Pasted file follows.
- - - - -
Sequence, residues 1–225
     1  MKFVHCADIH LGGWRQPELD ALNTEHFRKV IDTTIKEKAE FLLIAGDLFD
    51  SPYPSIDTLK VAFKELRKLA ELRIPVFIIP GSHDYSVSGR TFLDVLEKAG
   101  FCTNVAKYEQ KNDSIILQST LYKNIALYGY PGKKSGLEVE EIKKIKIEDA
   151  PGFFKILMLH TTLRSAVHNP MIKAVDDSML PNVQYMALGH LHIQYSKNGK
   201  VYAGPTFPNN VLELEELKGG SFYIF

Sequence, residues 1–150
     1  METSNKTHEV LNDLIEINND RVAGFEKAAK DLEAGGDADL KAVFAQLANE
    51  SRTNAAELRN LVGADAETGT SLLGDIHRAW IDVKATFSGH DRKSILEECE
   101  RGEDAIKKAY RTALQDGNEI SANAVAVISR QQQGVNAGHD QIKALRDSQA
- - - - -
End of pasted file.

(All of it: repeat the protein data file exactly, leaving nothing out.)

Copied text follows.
Sequence, residues 1–225
     1  MKFVHCADIH LGGWRQPELD ALNTEHFRKV IDTTIKEKAE FLLIAGDLFD
    51  SPYPSIDTLK VAFKELRKLA ELRIPVFIIP GSHDYSVSGR TFLDVLEKAG
   101  FCTNVAKYEQ KNDSIILQST LYKNIALYGY PGKKSGLEVE EIKKIKIEDA
   151  PGFFKILMLH TTLRSAVHNP MIKAVDDSML PNVQYMALGH LHIQYSKNGK
   201  VYAGPTFPNN VLELEELKGG SFYIF

Sequence, residues 1–150
     1  METSNKTHEV LNDLIEINND RVAGFEKAAK DLEAGGDADL KAVFAQLANE
    51  SRTNAAELRN LVGADAETGT SLLGDIHRAW IDVKATFSGH DRKSILEECE
   101  RGEDAIKKAY RTALQDGNEI SANAVAVISR QQQGVNAGHD QIKALRDSQA